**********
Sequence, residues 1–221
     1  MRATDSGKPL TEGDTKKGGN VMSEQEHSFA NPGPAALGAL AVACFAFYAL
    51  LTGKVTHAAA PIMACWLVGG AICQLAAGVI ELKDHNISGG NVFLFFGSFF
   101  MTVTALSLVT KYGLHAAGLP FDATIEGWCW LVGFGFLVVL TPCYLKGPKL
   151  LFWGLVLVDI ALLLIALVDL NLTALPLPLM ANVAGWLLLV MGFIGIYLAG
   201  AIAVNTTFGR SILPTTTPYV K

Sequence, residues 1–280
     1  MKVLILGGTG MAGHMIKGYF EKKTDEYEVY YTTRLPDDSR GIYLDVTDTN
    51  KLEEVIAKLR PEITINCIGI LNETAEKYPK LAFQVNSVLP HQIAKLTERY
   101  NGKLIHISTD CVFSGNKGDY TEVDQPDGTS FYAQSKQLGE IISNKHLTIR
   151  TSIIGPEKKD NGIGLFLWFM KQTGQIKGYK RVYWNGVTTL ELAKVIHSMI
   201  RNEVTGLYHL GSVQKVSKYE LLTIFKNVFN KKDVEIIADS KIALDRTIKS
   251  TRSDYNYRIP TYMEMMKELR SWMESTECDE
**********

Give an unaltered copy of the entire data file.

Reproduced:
Sequence, residues 1–221
     1  MRATDSGKPL TEGDTKKGGN VMSEQEHSFA NPGPAALGAL AVACFAFYAL
    51  LTGKVTHAAA PIMACWLVGG AICQLAAGVI ELKDHNISGG NVFLFFGSFF
   101  MTVTALSLVT KYGLHAAGLP FDATIEGWCW LVGFGFLVVL TPCYLKGPKL
   151  LFWGLVLVDI ALLLIALVDL NLTALPLPLM ANVAGWLLLV MGFIGIYLAG
   201  AIAVNTTFGR SILPTTTPYV K

Sequence, residues 1–280
     1  MKVLILGGTG MAGHMIKGYF EKKTDEYEVY YTTRLPDDSR GIYLDVTDTN
    51  KLEEVIAKLR PEITINCIGI LNETAEKYPK LAFQVNSVLP HQIAKLTERY
   101  NGKLIHISTD CVFSGNKGDY TEVDQPDGTS FYAQSKQLGE IISNKHLTIR
   151  TSIIGPEKKD NGIGLFLWFM KQTGQIKGYK RVYWNGVTTL ELAKVIHSMI
   201  RNEVTGLYHL GSVQKVSKYE LLTIFKNVFN KKDVEIIADS KIALDRTIKS
   251  TRSDYNYRIP TYMEMMKELR SWMESTECDE